The Marketing Strategist:
How to Create Content That Helps Sales Connect with the Customer
February 9, 2011
For salespeople to be more credible in front of customers, they should be able to tap into three things:
- Formal marketing content. Offer everything from specification sheets to thought leadership.
- Tribal knowledge. Use tips and best practices from other salespeople on how to manage sales situations.
- Subject matter experts. Manage the availability of services and product experts to help customers work through their needs.
Together, these three sources constitute the “collective genius” of the company, said Jeff Summers, Chief Innovation Officer for sales enablement software maker Savo.
The challenge for most companies is not content but rather how to help salespeople have more clear, compelling, and consistent conversations with customers. Marketers can help by giving salespeople the information they need in seven important discussion areas:
Understand the Hidden Weaknesses of Sales in B2B
- Discovery. Are we asking the right questions?
- Capabilities. How can we address the pain points uncovered through discovery?
- Value. What’s the return on implementing those capabilities?
- Urgency. Why does the customer need to do this now?
- Differentiation. What makes us better than the competition?
- Proof. Who says we’re better?
- Objections. How do we respond to customer concerns at all stages of the buying process?
As marketers, we understand that salespeople in B2B have it tough. Big, complex solutions, a long buying process, and many decision makers involved in that process. But there are also some less obvious hindrances that marketers need to be aware of if they are going to help salespeople be more effective, said Mike Schultz, President, RAIN Group.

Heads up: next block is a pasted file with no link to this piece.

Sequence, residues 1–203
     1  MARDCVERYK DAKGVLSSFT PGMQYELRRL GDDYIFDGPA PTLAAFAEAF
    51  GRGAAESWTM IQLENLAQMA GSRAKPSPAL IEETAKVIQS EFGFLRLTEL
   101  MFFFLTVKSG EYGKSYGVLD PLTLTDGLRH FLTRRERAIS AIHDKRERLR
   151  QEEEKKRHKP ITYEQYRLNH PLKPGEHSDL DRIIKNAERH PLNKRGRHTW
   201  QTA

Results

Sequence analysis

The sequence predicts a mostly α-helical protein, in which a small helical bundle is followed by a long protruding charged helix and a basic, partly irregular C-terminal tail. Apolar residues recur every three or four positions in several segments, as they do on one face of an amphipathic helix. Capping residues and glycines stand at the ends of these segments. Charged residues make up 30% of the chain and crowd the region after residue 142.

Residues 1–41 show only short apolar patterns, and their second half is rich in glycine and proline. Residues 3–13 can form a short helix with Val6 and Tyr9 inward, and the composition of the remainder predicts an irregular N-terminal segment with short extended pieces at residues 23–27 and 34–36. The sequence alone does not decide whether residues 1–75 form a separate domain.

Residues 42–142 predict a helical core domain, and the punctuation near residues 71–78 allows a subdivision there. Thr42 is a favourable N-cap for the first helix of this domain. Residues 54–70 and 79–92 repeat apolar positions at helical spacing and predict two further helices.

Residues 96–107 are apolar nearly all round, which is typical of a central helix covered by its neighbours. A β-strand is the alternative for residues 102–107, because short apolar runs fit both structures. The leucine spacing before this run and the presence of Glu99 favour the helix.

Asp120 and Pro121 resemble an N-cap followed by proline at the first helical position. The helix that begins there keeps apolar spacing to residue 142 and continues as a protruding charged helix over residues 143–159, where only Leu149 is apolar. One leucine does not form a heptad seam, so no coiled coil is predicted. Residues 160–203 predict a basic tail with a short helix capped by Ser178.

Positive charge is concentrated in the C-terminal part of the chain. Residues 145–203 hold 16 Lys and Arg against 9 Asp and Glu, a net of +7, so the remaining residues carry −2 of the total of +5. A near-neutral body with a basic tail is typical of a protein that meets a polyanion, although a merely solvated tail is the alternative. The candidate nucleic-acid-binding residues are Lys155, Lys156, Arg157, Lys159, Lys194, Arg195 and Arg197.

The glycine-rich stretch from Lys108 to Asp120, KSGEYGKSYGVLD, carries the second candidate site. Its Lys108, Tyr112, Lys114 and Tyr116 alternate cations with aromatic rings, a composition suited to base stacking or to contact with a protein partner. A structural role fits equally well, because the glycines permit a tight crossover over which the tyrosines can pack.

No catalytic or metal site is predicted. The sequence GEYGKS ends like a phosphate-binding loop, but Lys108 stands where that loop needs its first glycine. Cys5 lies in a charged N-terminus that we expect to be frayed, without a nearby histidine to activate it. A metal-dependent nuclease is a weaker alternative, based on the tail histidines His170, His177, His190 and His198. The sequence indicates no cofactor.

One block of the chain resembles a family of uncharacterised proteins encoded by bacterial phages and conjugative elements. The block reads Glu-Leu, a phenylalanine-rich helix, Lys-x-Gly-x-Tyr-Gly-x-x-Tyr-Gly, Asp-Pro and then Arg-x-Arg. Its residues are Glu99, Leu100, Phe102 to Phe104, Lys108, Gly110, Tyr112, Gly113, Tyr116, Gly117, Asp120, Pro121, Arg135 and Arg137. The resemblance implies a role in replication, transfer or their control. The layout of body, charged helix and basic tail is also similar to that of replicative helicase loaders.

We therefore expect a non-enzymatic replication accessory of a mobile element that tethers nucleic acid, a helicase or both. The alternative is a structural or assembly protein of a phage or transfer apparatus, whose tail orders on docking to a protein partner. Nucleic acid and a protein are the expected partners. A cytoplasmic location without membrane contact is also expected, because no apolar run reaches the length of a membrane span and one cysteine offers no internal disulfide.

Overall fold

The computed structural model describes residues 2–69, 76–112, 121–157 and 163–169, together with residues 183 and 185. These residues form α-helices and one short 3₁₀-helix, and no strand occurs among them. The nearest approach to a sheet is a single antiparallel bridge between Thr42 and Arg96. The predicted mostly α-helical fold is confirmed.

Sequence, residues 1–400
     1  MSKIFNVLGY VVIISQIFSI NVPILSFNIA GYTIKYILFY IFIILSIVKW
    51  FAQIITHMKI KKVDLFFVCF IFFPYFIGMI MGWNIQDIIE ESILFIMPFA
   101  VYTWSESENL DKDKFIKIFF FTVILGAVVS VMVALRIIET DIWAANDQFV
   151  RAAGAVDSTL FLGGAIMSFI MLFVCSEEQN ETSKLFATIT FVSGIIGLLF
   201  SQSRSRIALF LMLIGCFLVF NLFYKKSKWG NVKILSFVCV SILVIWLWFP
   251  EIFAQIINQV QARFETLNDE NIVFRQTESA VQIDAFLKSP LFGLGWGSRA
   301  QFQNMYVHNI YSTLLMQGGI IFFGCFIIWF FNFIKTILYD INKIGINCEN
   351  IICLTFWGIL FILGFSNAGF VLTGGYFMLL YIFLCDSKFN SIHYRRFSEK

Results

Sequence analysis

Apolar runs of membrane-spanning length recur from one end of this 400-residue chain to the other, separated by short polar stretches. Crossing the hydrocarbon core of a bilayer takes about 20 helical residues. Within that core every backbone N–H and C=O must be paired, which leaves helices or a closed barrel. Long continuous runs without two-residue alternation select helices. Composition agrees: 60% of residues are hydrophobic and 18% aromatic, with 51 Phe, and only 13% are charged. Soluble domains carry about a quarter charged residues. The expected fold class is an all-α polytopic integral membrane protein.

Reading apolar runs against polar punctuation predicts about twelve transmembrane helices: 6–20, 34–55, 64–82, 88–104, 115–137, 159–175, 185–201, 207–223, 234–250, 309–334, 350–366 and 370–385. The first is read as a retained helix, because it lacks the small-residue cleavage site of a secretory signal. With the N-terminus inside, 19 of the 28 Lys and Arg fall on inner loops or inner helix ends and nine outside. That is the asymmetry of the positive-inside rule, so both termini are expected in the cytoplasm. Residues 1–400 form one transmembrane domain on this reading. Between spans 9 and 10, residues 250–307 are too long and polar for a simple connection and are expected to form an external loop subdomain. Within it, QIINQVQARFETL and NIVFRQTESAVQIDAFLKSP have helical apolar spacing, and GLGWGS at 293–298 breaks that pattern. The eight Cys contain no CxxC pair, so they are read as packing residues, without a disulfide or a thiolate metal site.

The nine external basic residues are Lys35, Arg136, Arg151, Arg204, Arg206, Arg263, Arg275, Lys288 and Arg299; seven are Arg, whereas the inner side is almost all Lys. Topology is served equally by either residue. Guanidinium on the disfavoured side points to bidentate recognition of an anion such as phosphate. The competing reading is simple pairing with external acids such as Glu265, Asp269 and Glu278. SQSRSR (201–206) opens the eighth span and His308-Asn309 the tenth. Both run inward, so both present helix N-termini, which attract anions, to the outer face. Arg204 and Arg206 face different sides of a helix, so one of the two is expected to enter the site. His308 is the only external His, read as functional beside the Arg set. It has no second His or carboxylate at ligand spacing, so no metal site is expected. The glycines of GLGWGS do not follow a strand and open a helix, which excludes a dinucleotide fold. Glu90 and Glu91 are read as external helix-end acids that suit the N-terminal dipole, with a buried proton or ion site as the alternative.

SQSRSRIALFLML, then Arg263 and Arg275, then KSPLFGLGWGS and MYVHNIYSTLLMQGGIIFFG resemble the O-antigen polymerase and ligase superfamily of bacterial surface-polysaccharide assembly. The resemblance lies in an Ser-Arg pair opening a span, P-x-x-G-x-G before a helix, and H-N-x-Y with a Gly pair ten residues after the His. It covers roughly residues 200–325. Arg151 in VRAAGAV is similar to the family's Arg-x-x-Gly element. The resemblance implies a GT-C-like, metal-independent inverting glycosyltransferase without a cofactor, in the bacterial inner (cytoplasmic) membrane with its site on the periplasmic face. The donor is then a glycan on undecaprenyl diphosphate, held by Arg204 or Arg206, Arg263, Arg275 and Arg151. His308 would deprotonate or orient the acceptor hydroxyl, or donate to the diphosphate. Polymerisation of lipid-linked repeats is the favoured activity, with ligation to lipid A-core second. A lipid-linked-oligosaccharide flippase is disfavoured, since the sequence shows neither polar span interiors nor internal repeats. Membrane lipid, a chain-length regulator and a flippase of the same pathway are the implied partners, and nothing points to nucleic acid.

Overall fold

Here are the hidden weaknesses that hold back sales success, according to Schultz:
What’s Marketing’s Role?
- Negotiability in everything. Unlike B2C, where prices are generally firm, we say we can go back and sharpen the pencils.
- Need for approval. B2B buyers always push back. But many salespeople have a need for approval that prompts them to walk away at the first sign of resistance instead of challenging buyers.
- Emotional involvement. Often salespeople will have worked closely with a client for months and then get this edict: you need to cut the price by 20%. Given the time and effort they have put in to get to this point, salespeople can get angry and that anger can threaten the deal. They need to keep the emotions out of it. They need to ask why the cut is necessary or say that they can cut 20% of what they offer.
- Low money tolerance. B2B solutions and services are often quite expensive, which makes salespeople reluctant to talk openly about prices. Salespeople must become more comfortable talking about big numbers.
- Self-limiting beliefs. Nearly all salespeople let negative beliefs get in the way of selling. For example, “I’m no good at having conversations with the C-level executives.” Salespeople must identify the areas where they are having these doubts and get help and coaching to overcome them.
To help salespeople get past these limiting factors, marketers have to provide salespeople with the tools to connect customer needs with the company’s solutions. Marketers must create content that makes it easier for salespeople to uncover customer needs, outline capabilities that solve the need, and articulate the value.